Posted at: 01/16/2013 10:11 PM
By: Naomi Pescovitz
It is America's "other white meat" and in Minnesota, pork is a multi-billion dollar industry. This week, two thousand pork producers are in the Twin Cities for the Minnesota Pork Congress at the Minneapolis Convention Center.
David Preisler, Executive Director of the Minnesota Pork Producers Association, says Minnesota has become known for adapting the latest technology. During the conference, farmers took a closer look at the latest innovations. Much of this year's trade-show focused on pig comfort.
"A comfortable pig tends to be a healthy pig, and obviously it gives us a product that's safe for consumers," Preisler said.
"If the consumer isn't happy and has trust and faith in us that we're raising a product that they can feel confident in to consume and eat, then we have no future," said Kevin Hugoson of Hugoson Pork.
The economy was also at the top of the agenda. The long-lasting drought has caused higher feed prices and farmers are hoping for rain.
"We are all hopeful for a lot of different reasons that we get rain that starts this spring into the summer, it will be best off for everyone," Preisler said.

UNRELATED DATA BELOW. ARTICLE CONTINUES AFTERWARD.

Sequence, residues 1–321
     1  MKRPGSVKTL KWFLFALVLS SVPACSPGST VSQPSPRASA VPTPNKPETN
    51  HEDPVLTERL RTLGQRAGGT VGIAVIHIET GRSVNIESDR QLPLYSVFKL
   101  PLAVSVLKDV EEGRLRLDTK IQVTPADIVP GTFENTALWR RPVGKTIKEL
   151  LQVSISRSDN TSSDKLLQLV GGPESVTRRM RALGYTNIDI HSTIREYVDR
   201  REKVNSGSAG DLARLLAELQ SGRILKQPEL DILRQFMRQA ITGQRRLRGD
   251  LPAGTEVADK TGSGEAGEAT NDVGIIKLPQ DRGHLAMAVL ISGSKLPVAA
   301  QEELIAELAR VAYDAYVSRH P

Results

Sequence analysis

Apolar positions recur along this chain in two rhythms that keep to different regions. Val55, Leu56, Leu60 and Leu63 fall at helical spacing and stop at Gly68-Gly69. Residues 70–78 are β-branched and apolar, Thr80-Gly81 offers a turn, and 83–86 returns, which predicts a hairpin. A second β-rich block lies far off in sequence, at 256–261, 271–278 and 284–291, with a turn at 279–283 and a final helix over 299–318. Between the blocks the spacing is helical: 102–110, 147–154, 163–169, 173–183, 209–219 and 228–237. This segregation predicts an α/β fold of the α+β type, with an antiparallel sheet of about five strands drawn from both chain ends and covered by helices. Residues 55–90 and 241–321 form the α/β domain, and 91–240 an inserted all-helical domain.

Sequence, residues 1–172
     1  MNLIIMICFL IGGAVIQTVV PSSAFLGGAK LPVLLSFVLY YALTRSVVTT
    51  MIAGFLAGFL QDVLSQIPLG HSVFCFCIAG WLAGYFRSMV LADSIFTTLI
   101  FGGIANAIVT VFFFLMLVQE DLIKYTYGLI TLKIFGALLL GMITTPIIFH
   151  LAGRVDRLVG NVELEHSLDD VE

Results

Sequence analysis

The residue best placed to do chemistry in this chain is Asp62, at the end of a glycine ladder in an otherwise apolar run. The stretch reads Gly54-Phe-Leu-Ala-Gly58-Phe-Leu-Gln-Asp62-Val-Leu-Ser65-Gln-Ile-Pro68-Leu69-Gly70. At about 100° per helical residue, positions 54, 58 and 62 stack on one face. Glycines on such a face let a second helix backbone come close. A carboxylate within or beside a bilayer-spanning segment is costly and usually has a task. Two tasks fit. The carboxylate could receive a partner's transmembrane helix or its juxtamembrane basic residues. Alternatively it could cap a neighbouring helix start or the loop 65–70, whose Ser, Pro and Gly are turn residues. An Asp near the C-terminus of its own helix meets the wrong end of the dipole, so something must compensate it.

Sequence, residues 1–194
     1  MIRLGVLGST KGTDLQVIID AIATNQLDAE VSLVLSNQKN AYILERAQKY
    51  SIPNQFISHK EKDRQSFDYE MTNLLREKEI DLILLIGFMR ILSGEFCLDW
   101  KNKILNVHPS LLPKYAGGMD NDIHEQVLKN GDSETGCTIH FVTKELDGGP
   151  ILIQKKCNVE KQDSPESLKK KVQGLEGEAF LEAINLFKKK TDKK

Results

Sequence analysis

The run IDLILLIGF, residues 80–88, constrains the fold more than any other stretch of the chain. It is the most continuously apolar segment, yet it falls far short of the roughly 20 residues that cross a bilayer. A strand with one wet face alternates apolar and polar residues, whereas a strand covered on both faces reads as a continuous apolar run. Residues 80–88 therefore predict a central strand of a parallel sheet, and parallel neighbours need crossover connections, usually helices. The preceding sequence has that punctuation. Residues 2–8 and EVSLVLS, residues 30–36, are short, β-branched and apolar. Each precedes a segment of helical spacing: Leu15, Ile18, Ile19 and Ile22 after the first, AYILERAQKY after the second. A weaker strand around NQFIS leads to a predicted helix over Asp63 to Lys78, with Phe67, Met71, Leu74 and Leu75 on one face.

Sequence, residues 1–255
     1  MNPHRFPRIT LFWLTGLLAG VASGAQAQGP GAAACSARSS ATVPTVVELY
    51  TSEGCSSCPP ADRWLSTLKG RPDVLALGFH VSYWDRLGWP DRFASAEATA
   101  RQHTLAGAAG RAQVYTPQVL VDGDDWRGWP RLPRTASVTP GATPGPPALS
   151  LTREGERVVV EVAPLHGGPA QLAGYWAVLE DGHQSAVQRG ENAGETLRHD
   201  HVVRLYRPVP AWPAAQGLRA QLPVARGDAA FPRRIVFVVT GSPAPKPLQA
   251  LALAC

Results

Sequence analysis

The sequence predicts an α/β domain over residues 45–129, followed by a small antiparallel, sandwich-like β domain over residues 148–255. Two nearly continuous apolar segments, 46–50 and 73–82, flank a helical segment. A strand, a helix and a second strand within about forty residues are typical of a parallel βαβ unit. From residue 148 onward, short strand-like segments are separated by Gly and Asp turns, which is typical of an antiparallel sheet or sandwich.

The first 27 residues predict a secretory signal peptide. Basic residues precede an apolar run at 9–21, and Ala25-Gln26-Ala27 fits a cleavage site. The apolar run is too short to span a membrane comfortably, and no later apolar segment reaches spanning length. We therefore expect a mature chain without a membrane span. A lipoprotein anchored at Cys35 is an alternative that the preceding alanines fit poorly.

"We're in the red right now, it can vary so much from operation to operation, but we've had high feed costs through last summer because of the drought," Hugoson said.
"About 70 percent of the cost to raise pigs, which obviously turn into pork, is the feed that we feed those animals. And so if the feed is very high priced, then eventually that ends up being passed on," Preisler said.
Preisler says consumers will likely know more about any rise in pork prices closer to summer.
"We could have food prices that actually go down if we get really good rainfall, we could have them go up if we don't. And it's one of those things that's really in the control of mother nature, and we're just going to have to wait that one out for right now," Preisler said.
The USDA is predicting a 3 to 4 percent rise in pork prices compared to last year.
Pork is a $7 billion dollar industry in Minnesota. Together, Iowa and Minnesota raise 45 percent of the nation's hogs.